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Found 18 posts tagged ‘wizard of oz’


June 27, 2020 (permalink)

Our Superior Wizard of Oz Version of a Rolling Stones Song

What's with The Rolling Stones song "Play with Fire"?  People outside of London are supposed to relate to what "Stepney" and "Knightsbridge" are?  No — those are terrible lyrics.  A highly superior context for the song is The Wizard of Oz, which we can prove by offering side-by-side lyrics.  You're welcome.  (Note: we didn't bother trying to rhyme our wizardly remake of the song.  Why give a damn trying to replicate the style of such a poor original?  Our version shines brilliantly without any forced rhymes.)
The Wizard of Oz Version (Superior) Original Rolling Stones Version (Stupid)
Well, you've got your rubies and you've got your little dog Well, you've got your diamonds and you've got your pretty clothes
And tornadoes drop you off And the chauffeur drives your car
You let everybody know You let everybody know
But don't play with me, or you're flying with monkeys But don't play with me, cause you're playing with fire
Your auntie she's a farmer, raising goats near witchy-ta Your mother she's an heiress, owns a block in Saint John's Wood
And your uncle’s under her spell And your father'd be there with her
Enchanted in toto If he only could
But don't play with me, or you’re flying with monkeys But don't play with me, because you're playing with fire
Your wizard asks for broomsticks; his promises hot air Your old man took her diamond's and tiaras by the score
Now you click your heels on brick roads Now she gets her kicks in Stepney
Not in Kansas anymore Not in Knightsbridge anymore
So don't play with me, or you’re flying with monkeys So don't play with me, because you're playing with fire
Now you walk on rubies and your future’s looking emerald Now you've got some diamonds and you will have some others
But you'd better watch your step, girl
But you'd better watch your step, girl
Or there’ll be no place like home
Or start living with your mother
So don't play with me, or you’re flying with monkeys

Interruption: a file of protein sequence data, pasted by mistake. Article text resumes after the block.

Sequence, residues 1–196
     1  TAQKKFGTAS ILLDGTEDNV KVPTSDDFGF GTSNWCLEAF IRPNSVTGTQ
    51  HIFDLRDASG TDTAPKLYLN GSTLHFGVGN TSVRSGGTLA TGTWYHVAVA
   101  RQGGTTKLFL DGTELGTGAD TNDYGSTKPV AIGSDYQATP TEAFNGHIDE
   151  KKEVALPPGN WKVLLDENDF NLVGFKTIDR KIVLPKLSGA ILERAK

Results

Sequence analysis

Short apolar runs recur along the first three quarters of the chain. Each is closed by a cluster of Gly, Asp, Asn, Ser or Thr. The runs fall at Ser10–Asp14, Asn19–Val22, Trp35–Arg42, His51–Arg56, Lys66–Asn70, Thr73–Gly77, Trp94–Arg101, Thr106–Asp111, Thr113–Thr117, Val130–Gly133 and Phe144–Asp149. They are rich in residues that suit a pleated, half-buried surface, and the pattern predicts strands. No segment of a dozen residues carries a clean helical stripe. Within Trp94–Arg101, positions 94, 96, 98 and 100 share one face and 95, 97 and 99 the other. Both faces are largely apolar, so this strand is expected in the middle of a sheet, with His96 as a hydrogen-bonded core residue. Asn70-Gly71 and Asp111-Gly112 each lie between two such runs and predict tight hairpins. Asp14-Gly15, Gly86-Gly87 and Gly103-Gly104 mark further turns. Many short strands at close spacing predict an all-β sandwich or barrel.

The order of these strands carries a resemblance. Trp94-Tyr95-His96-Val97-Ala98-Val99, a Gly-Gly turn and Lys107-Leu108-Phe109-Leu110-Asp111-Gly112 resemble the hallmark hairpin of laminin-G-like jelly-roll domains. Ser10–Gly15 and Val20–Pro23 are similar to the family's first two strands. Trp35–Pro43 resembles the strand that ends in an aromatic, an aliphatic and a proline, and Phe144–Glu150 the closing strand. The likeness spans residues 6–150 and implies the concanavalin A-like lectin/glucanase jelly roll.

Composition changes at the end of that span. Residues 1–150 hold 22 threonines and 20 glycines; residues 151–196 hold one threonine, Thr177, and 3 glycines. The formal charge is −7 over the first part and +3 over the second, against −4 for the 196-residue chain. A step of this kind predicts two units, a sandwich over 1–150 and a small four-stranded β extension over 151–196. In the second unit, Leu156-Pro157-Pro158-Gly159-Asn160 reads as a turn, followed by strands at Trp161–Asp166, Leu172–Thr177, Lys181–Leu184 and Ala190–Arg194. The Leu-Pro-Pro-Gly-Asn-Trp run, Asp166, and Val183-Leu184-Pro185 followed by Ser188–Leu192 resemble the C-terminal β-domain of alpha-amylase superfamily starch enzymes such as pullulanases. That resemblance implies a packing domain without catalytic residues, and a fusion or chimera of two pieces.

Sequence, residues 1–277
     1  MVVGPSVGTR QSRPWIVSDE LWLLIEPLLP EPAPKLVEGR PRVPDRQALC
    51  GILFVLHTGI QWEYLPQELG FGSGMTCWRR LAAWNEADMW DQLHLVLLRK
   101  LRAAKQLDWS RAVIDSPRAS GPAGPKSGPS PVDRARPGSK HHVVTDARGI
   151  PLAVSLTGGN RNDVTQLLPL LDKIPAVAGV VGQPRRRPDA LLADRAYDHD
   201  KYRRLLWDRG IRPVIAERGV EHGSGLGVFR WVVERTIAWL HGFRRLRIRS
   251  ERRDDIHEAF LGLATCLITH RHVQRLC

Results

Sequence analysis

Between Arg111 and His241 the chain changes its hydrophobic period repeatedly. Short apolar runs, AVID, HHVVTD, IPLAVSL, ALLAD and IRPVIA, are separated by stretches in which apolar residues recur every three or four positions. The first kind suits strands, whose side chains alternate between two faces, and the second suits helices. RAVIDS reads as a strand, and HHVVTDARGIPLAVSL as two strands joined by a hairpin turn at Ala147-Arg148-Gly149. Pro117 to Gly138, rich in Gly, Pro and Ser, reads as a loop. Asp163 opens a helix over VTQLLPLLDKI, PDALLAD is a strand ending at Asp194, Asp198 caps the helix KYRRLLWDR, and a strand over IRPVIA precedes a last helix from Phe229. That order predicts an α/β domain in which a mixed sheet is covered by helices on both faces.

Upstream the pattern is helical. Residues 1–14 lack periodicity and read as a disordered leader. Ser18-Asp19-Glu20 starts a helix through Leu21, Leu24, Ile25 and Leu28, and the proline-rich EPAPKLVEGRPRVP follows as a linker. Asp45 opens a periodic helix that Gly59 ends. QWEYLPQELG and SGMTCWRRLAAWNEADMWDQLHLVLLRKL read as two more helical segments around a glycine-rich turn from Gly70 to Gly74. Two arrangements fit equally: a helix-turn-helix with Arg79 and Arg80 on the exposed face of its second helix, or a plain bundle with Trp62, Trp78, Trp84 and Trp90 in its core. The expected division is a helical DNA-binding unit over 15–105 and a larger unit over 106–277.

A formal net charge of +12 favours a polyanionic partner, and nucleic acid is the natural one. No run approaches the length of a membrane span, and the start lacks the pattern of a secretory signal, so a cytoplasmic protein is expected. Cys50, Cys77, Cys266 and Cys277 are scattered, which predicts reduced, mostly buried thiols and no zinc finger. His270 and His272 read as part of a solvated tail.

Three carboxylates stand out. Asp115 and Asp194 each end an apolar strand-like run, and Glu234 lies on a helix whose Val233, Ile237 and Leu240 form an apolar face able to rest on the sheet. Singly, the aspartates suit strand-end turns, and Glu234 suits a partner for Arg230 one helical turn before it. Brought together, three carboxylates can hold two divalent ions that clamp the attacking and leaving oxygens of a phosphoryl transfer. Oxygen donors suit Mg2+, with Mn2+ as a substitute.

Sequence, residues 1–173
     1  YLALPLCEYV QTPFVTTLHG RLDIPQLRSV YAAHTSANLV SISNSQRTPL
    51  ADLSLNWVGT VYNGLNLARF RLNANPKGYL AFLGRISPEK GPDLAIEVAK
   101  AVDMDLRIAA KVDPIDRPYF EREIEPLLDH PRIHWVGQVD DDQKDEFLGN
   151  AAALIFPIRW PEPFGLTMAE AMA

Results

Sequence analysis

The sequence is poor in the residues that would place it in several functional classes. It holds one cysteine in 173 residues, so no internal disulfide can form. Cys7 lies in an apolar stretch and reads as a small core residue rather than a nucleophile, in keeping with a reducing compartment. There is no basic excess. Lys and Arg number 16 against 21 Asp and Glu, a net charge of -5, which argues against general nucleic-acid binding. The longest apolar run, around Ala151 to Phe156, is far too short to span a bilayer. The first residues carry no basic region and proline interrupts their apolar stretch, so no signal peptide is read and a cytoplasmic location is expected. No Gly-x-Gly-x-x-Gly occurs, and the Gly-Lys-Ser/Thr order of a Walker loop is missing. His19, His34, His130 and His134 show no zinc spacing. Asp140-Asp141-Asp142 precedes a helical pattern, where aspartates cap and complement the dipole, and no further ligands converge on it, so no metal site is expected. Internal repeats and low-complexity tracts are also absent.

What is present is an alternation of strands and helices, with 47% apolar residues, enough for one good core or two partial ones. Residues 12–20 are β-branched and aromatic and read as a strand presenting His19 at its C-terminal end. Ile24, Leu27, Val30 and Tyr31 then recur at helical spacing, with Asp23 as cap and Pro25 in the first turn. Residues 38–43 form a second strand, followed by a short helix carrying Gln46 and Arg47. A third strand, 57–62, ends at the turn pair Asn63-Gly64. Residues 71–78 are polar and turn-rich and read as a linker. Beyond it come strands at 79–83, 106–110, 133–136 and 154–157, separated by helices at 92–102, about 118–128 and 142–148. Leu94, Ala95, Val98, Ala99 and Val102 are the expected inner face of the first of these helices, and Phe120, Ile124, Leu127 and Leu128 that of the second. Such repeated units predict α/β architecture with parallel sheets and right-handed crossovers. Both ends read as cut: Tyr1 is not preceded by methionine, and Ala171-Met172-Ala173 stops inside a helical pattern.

So don't play with me, cause you're playing with fire
So don't play with me, or you’re flying with monkeys
So don't play with me, cause you're playing with fire
> read more from Do-Re-Midi . . .
#wizard of oz #rolling stones #lyrics
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November 19, 2019 (permalink)

An illustration by W. W. Denslow from The Wonderful Wizard of Oz by L. Frank Baum, 1900.
[Inexplicable images from generations ago invite us to restore the lost sense of immediacy.  We follow the founder of the Theater of Spontaneity, Jacob Moreno, who proposed stringing together "now and then flashes" to unfetter illusion and let imagination run free.  The images we have collected for this series came at a tremendous price, which we explained previously.]
> read more from Restoring the Lost Sense . . .
#vintage illustration #wizard of oz #flying monkey
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October 19, 2019 (permalink)

Though L. Frank Baum himself said that he derived the wizardly name Oz from a filing cabinet labeled "O-Z," we know that the letters M and N are at the middle of the alphabet, not O.  The secret answer is that just beyond the corner of Dorothy's Kansas lie the Ozark mountains, and the arc of the "Oz ark" is a rainbow.

> read more from This May Surprise You . . .
#wizard of oz
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September 18, 2019 (permalink)

An illustration by W. W. Denslow from The Wonderful Wizard of Oz by L. Frank Baum, 1900.